SUN VALLEY• Buhl native Jaffe Zinn watched his film "Magic Valley" win a couple major awards during last year's inaugural debut of the Sun Valley Film Festival.
He's back for this year's festival, which runs through Sunday, March 17.
Zinn will show his film "Children," about two young women who take a mysterious camping trip through southern Idaho, He filmed parts in Sun Valley, McCall, Fairfield and at Balanced Rock. And he appears in a small part in his college buddy friend Benjamin Dickinson's film "First Winter."
The film - which will be shown at 2:55 p.m. today at the Magic Lantern Cinemas in Ketchum - revolves around a group of Brooklynites in a remote country farmhouse who begin to turn against one another as food supply dwindles during a winter of record-breaking cold.
"It's not a scripted film,”said Zinn, who now lives in New York. “It started with a general premise. It's an experimental way of making films - something you don't see too much in American cinema but something that's more common in European cinema. And it was an interesting experience.”
Conversely, his "Children" is a "work-in-progress" screening, which means that audience will be able to watch the latest draft from beginning to end and offer feedback that might change the finished version.
Zinn will discuss his work in progress during a free coffee talk at 10 a.m. Saturday, March 16 at nexStage Theatre in Ketchum.
"Showing it to the audience is an important part of the process because you can see the reaction," he said.
Though only in its second year, USA Today recently recognized the Sun Valley Film Festival as one of "10 great places for a fabulous film festival."
This year's lineup of celebrities includes Sun Valley's own Mariel Hemingway, who is present for her film "Running from Crazy," as well as her daughter's film "Starlet."
Jodie Foster, who has been coming to Sun Valley for years, has agreed to do a free Coffee Talk Sunday morning, March 17. In addition, she’ll present the Vision Award during the closing ceremonies that evening.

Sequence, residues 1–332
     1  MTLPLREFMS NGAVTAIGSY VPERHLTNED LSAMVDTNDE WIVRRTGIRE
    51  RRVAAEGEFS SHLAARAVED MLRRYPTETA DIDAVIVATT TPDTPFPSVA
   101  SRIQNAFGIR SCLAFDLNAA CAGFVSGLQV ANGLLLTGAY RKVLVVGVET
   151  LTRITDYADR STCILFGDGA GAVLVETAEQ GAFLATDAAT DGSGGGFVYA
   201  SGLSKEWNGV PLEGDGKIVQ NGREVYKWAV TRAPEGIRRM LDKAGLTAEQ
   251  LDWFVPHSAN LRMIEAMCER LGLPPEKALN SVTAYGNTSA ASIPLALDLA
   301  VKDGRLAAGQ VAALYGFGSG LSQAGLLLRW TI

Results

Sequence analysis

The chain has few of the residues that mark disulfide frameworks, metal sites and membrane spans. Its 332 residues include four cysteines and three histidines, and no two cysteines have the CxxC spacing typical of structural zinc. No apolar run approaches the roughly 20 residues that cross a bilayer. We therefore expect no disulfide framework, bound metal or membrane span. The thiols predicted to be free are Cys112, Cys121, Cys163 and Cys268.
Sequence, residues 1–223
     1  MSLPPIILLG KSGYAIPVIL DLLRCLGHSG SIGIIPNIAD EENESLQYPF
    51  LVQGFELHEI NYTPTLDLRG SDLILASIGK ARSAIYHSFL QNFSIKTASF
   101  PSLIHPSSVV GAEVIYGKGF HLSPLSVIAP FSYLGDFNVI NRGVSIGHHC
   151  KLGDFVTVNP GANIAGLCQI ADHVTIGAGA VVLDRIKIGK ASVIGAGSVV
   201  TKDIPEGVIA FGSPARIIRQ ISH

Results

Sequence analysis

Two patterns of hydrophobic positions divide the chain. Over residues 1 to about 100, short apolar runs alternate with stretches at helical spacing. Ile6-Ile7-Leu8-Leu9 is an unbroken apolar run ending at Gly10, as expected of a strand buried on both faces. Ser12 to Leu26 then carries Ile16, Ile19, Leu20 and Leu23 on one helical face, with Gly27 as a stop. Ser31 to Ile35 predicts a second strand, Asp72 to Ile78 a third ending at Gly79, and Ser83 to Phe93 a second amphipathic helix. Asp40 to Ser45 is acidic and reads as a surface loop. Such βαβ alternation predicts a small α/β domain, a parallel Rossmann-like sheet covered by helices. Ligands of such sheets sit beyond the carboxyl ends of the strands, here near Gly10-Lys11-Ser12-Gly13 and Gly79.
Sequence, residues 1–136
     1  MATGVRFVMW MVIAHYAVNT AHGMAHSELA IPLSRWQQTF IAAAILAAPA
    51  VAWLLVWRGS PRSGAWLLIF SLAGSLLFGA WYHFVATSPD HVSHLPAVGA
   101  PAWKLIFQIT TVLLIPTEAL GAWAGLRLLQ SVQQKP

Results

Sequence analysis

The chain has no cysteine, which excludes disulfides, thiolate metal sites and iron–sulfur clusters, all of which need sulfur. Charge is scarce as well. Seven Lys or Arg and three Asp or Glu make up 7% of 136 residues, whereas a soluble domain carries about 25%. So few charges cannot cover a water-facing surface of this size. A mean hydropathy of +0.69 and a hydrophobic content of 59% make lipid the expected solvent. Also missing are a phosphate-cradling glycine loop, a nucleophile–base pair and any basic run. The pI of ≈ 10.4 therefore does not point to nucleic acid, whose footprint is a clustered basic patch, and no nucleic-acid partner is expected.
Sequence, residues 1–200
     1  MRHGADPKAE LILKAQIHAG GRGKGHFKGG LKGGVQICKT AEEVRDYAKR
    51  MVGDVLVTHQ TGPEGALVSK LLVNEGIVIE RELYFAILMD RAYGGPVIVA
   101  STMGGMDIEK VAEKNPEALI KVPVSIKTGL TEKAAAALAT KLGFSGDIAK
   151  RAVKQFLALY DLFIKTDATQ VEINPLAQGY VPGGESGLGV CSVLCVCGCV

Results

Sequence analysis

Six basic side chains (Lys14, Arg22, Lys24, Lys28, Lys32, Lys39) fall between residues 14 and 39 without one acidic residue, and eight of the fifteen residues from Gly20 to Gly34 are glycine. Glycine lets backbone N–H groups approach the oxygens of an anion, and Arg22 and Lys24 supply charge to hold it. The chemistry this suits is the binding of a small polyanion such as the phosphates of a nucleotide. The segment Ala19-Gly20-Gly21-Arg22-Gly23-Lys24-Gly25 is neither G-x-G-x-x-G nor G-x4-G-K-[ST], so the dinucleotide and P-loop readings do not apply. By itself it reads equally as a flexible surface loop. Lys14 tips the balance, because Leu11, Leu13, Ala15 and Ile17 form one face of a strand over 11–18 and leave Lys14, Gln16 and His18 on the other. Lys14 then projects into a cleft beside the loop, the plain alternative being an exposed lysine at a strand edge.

The festival, she said, pairs her two favorite things: skiing and movies: "Bringing them together in one spot? My idea of heaven."
Will McCormack, producer of "Celeste and Jesse Forever," hosts a Sun Valley screenwriter's lab.
"Californication" star Patrick Fischler is premiering his short, "The Test." And Robert Redford might attend the premiere of his son's film,"Watershed: Exploring a New Water Ethic for the New West," said Deborah Knapp, executive director of Wild Gift, which is sponsoring the film.
James Tooley, a graduate of Sun Valley's Community School, will show his film, "Starring Adam West," which chronicles his effort to get his father-in-law a star on the Hollywood Walk of Fame.
Tooley said it's fitting that he will premiere the film in the same theater where he presented his Community School senior project in 1990.
"I had no intention of making a film about my father-in-law, but the more time I spent with him, the more I wanted to document," he said. "Most people know that Adam was incredibly successful in the late ‘60s and early '70s with his iconic portrayal of Batman on the ABC series.
“Fewer people know about his subsequent struggle to break free from that role. He's a man who has had incredible highs and lows both professionally and personally. His story is a fascinating tale of a Hollywood survivor but it 's also much deeper than that."
Programming Director Laura Mehlhaff selected the 60 films that will be shown this year from hundreds of films submitted from 22 countries around the world. Nearly all the films will have filmmakers, directors, writers, producers, actors and even makeup artists on hand to do question and answer sessions with the audiences.
"We even got two films from Iran-places you wouldn't expect there to be independent films," Mehlhaff said.
Mehlhaff and others also went through hundreds of screenplays to select three for the screenwriter's lab. Actors will sit around table reading the scripts just as they do for scripts being considered for films
"It's an amazing intimate experience that offers you a look at the process whether you're interested in screenwriting or not," she said.
The opportunity to interact with directors, screenwriters and actors is one of the beauties of the Sun Valley Film Festival, Mehlhaff said.
"I've been to the Sundance Film Festival 10 times and it's an amazing festival,”she said. “But it's very difficult to get involved with on a personal level because it's so big and so crowded. You don't get to interact with the filmmakers there, as you do here.”
Zinn said he loved the chance to show "Magic Valley" to Idaho audience last year after showing it at festivals throughout the world.
"The film gave other audiences a window into the lives of this small community, a lot of which was filmed around Buhl and Hagerman,”he said. “But the people I showed it to here got what I was doing."